alexa Iatrogenic Opioid-withdrawal Induced by Contrave® | OMICS International
ISSN: 2161-0495
Journal of Clinical Toxicology

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Iatrogenic Opioid-withdrawal Induced by Contrave®

M. J. Zylstra1, B. E. Ruck2 and S. M. Marcus3*

1New Jersey Medical School, School of Biomedical and Health Science, Rutgers University, United States

2Director of Drug Information Services & Professional Education, New Jersey Poison Information & Education System, United States

3Medical Director, New Jersey Poison Information & Education System, Professor, Department of Emergency Medicine, New Jersey Medical School, School of Biomedical and Health Science, Rutgers University, United States

*Corresponding Author:
S. M. Marcus
Medical Director
New Jersey Poison Information & Education System
Professor, Department of Emergency Medicine
New Jersey Medical School
School of Biomedical and Health Science
Rutgers University 140 Bergen Street
Suite G1600, Newark, NJ 07101, United States
E-mail: [email protected]

Received date: September 26, 2015; Accepted date: March 9, 2016; Published date: March 16, 2016

Citation: Zylstra MJ, Ruck BE, Marcus SM (2016) Iatrogenic Opioid-withdrawal Induced by Contrave®. J Clin Toxicol 6:289. doi: 10.4172/2161-0495.1000289

Copyright: © 2016 Zylstra MJ, et al. This is an open-access article distributed under the terms of the Creative Commons Attribution License, which permits unrestricted use, distribution, and reproduction in any medium, provided the original author and source are credited.

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Introduction: New medications for the management of obesity are rapidly coming through the drug design pipeline. Among those recently approved is Contrave®, [naltrexone/bupropion] which has shown a modest and clinically relevant weight loss. We report two cases of naltrexone-induced opioid withdrawal resulting from the prescription of Contrave® to opioid-dependent patients. Case details: Patient 1 was a 59-year-old male with chronic pain prescribed morphine 60 mg and oxycodone 30 mg daily. He was prescribed Contrave® as adjunct to lifestyle modifications in the management of his obesity. Withdrawal symptoms precipitated within a few hours of his first dose. The resultant vomiting and anxiety led to patient distress and an emergency department visit. Patient 2 was a 42-year-old female former heroin user on methadone maintenance 90 mg daily. She was started on Contrave® as an effort towards meaningful weight loss. Within the first hour after her first dose she began to have withdrawal symptoms. On arrival at the ED the patient was agitated and nauseated, and required treatment with IV fluids, lorazepam, and ondansetron for her symptoms. Discussion: As a naltrexone-containing product, there is the potential for the induction of withdrawal in opioiddependent patients. Physicians may be unaware of the inclusion of this opioid antagonist in the newly marketed medication or overlook the ability of naltrexone to produce acute withdrawal. Pharmacy profiles might not reveal that a patient is on methadone maintenance or using opioid medications illicitly. Patients may not always provide a complete medication history, and may not report opioid usage to their health care providers without direct questioning. Thus, clinicians and pharmacists must ask about the use of other medications and or illicitly used drugs and caution patients about this potential interaction.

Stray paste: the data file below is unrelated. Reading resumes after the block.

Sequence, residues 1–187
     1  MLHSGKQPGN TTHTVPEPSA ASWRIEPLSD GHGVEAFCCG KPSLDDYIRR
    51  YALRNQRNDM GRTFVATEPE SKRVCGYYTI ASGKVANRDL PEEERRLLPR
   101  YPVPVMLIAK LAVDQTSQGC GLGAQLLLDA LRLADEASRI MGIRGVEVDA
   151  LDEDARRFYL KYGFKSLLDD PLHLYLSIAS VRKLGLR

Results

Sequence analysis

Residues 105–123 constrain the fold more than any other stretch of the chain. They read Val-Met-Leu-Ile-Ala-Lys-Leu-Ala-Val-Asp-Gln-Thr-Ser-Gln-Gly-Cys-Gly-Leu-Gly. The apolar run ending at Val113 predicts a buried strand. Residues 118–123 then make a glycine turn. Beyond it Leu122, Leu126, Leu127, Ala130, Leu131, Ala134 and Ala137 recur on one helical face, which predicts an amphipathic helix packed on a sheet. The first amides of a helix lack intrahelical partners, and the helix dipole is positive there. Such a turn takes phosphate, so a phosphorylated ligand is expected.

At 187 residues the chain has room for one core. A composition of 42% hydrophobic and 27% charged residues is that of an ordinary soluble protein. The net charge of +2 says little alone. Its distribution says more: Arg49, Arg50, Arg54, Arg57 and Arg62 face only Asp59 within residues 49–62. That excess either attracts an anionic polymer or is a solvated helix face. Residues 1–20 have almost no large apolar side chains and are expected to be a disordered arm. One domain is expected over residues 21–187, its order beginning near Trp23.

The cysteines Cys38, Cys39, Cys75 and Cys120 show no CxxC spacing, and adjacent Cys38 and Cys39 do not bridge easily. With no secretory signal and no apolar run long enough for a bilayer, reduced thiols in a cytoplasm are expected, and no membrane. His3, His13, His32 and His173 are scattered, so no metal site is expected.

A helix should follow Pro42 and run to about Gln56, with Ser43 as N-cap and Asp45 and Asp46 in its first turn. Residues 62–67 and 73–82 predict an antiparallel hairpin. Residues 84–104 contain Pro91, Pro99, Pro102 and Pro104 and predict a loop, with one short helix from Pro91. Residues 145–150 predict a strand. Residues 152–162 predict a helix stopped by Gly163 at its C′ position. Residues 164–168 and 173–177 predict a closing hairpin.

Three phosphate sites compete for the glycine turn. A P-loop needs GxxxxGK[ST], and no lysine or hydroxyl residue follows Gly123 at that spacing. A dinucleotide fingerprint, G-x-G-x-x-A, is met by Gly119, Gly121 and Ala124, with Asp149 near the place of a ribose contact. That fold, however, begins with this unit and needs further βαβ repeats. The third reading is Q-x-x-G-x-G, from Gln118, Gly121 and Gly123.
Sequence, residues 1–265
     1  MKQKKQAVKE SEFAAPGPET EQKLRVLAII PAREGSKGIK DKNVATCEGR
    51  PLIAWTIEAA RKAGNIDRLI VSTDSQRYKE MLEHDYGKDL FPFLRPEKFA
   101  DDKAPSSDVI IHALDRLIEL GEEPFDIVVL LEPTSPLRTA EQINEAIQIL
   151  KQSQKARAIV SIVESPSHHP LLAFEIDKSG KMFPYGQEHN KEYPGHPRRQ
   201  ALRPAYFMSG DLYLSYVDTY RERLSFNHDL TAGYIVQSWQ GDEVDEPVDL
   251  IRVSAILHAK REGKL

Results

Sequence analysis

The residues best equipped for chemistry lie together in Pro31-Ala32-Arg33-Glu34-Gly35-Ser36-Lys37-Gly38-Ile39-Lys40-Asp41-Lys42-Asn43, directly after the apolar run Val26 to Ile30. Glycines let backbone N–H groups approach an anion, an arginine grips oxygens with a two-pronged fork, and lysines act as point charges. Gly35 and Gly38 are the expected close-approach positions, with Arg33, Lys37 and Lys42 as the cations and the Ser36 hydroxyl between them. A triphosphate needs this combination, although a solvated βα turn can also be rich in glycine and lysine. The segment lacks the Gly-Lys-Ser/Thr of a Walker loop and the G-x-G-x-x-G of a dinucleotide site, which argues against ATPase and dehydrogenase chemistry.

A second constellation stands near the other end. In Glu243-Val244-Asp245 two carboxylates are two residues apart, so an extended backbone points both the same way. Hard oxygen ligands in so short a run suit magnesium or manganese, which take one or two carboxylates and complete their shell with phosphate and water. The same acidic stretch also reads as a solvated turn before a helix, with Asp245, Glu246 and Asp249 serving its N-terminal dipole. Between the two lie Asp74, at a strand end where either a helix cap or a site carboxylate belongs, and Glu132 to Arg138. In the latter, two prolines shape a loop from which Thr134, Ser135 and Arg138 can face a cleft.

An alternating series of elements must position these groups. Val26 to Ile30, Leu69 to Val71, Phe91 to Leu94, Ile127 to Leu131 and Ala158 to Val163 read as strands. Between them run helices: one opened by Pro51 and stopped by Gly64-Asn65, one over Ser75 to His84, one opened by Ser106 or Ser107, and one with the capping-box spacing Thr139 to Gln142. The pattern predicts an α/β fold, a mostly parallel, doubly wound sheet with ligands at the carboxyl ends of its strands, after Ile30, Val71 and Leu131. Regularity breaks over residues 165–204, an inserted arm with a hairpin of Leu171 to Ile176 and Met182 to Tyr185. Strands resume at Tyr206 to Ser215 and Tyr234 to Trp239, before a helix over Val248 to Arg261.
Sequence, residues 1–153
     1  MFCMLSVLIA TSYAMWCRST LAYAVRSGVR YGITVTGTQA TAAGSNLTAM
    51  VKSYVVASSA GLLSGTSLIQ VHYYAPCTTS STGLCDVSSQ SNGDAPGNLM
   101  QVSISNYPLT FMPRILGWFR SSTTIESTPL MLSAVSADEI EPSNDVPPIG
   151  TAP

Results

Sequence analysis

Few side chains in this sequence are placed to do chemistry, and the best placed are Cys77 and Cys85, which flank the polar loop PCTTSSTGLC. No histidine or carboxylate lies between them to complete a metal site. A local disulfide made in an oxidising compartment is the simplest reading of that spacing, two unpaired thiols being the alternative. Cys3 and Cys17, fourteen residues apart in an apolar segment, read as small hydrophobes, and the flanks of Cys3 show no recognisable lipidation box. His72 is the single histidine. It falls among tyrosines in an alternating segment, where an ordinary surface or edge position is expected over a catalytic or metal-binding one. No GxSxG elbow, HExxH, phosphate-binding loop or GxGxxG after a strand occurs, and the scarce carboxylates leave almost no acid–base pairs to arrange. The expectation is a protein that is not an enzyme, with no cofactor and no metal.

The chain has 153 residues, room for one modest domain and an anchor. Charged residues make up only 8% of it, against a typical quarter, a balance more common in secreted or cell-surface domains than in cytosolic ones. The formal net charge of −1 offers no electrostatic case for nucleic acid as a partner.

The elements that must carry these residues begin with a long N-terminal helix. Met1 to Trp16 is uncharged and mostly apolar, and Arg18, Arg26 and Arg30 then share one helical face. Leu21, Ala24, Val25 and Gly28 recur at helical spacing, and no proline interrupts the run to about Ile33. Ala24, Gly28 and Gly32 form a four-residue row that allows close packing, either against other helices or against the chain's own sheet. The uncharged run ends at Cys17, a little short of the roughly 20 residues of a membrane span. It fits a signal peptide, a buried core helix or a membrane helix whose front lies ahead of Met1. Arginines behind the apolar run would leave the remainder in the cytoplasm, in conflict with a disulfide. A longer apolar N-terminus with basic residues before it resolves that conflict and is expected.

More than a third of adults and nearly a fifth of children in the United States are obese [1]. Increased Body Mass Index (BMI) is a risk factor for many pathological states and is known to increase all-cause mortality. Many management options exist for the treatment of patients with obesity. These include conservative approaches such as lifestyle modifications (diet and exercise) and behavioral therapy [2]. More radical management methods such as bariatric surgery are reserved for patients who are morbidly obese and recalcitrant to lifestyle recommendations [3]. Patients in need of moderate weight loss have historically been managed with various pharmacologics modalities.